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This week's vital property news: The weird effect of Central Bank rule changes

Everything you need to know in one quick guided tour.

shutterstock_2294105 Shutterstock / John Leung Shutterstock / John Leung / John Leung

SOME WEIRD EFFECTS from the Central Bank’s new mortgage regulations are already being seen.

In one area of Dublin, the cost of a three-bedroom semi dropped drastically on the back of the new measures.

There has also been news that the iconic Harcourt Street Garda station is set to change hands. The building is currently leased to the Office of Public Works and fully operated by An Garda Siochána.

The Big Movers

Construction industry 

Positive news about growth in the construction industry continued this week – despite growth slowing for a third month in a row.

The Construction Purchasing Managers’ Index, which tracks activity, showed a drop to 57.1 last month from a 63.1% in December.

The index shows that growth has taken place in the industry for 17 consecutive months. Stronger monthly activity rises were shown to have taken place in the commercial industry.

Harcourt Street 

The Harcourt Street Garda station – considered to be a landmark – is set to change hands.

Hibernia REIT plc announced earlier in the week that it had arranged to acquire the property from Gangkhar Ltd plc for €70 million.

harcourt street Harcourt Street Garda Station

The building is currently leased to the Office of Public Works (OPW) and used entirely for Garda activity.

The OPW have extended a request to continue the leasing of the building so it continues in its current use.

Cheap houses?

The new rules on mortgage lending seem to have started to have an impact on house prices – with one area of Dublin seeing a €20,000 decrease in the cost of property.

In anticipation of their introduction, prices in the final quarter of last year dropped in Lucan, where the average three-bedroom house went from €300,000 to €280,000.

This is according to a survey released by the Real Estate Alliance which represents chartered surveyors. They expect to see house prices rise by 6% in Dublin this year.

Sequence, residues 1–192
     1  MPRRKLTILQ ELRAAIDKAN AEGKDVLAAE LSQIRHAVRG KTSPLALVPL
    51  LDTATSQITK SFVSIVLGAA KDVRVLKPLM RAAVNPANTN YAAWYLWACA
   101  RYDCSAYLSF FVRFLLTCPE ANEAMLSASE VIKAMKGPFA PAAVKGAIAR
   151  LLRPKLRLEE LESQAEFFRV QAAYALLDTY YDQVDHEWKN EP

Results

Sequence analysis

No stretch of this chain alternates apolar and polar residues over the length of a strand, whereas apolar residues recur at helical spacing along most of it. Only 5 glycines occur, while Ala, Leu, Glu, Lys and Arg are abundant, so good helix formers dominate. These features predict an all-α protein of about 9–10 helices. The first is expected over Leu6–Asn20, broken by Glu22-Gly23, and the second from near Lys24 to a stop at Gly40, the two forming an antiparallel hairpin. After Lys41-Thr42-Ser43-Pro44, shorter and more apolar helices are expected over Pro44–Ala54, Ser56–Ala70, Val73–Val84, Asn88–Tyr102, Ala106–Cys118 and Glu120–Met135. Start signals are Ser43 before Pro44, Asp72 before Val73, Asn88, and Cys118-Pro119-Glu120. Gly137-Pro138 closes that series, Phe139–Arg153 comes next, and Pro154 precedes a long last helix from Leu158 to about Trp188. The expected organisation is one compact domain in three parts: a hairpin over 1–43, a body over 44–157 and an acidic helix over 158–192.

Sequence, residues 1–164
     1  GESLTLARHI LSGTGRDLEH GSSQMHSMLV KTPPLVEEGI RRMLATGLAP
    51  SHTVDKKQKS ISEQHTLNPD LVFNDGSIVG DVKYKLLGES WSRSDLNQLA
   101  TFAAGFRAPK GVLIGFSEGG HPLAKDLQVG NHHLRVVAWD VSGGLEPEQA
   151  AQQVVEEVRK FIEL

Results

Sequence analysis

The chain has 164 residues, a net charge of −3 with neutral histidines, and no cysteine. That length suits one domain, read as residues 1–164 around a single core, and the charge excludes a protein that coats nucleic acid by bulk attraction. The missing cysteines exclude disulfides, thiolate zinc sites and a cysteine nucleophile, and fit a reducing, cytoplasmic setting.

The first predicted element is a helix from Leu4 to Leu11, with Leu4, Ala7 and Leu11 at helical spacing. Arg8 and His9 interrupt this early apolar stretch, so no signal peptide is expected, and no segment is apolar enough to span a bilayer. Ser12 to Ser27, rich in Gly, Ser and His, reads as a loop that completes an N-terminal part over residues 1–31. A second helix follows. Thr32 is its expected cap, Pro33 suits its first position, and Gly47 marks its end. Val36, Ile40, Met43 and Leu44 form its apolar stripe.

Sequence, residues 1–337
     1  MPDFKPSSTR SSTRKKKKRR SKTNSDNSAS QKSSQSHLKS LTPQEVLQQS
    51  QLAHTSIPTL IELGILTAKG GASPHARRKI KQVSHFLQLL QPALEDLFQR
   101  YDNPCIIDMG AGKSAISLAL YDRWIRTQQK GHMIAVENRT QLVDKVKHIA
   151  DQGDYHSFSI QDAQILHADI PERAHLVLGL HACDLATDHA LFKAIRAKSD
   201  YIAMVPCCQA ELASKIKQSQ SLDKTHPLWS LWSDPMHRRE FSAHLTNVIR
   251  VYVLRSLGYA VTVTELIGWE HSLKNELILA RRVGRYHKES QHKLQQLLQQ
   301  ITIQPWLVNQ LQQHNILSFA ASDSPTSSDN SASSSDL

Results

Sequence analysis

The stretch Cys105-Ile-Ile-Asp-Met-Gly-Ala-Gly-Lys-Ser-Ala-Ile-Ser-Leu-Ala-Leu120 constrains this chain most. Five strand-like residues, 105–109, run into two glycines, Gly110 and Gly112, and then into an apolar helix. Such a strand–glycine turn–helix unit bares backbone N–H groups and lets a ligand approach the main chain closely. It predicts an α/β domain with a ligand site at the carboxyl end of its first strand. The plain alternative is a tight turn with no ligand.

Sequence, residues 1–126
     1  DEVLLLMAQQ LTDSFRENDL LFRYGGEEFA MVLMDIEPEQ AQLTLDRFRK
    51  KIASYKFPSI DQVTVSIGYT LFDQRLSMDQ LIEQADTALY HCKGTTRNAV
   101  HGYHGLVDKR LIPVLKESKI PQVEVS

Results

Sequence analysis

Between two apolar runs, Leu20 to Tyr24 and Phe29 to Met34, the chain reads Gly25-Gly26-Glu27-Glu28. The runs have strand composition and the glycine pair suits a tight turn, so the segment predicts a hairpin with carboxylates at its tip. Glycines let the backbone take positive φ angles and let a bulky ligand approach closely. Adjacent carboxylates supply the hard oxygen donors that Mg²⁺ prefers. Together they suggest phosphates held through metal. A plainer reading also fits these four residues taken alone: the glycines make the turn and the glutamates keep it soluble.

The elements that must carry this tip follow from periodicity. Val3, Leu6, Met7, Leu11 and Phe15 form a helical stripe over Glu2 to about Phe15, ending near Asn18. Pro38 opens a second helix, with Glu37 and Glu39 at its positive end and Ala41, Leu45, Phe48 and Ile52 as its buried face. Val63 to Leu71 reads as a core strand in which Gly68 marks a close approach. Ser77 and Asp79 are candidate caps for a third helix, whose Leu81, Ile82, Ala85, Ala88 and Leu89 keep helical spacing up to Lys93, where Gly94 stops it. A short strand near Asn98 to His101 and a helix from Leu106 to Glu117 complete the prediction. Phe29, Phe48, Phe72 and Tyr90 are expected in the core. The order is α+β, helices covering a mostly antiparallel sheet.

Under Construction

alan kelly / Órla Ryan / Órla Ryan / Órla Ryan

  • As part of a plan to make the city greener, Dublin City Council has announced plans to install solar panels on tops of a number of its libraries and public buildings. 
  • What’s the first thing you’d get a city in need of a revamp? A red-light district perhaps? Rome’s getting one…  
  • Phibsborough village is set to have architectural controls placed upon it by Dublin City Council, the Irish Times reported this week. Commercial and residential business owners will face tight controls if they want to change their properties. 

Des Res

Looking forward to your holidays already? Business Insider this week took a look at the best new hotels in the world. The choices were checked with visits to each destination. Here is a selection of some of the 22. The full list can be found here. 

This week's vital property news: The weird effect of Central Bank rule changes
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  • Scene Maker: 25hours Hotel Bikini Berlin

  • Far-Flung Fantasy: Cape Weligama, Sri Lanka

  • Indie Darling: Drake Devonshire Inn, Prince Edward County, Ontario

  • Instant Classic: Four Seasons Resort Orlando, FL

  • Far-Flung Fantasy: Alila Jabal Akhdar, Oman

  • Safari Shake-Up: Sandibe Okavango Safari Lodge, Okavango Delta, Botswana

  • Style Setter: Hotel Sahrai, Fez, Morocco

  • Style Setter: Sublime Comporta, Comporta, Portugal

  • A-List Escape: The Brando, Tetiaroa, French Polynesia


It isn’t very often that you hear someone actively trying to have a site’s Unesco world heritage status removed. That is what David Black is doing, and writes about it this week in The Guardian.

He contends that the city has undervalued its historic centre and that a range of new buildings are a destructive force the city. The removal of its Unesco status is hoped to prevent further changes.

Read: New letting agency will pay tenants not to leave properties in a state

Also: Landmark Dublin garda station to be sold for €70 million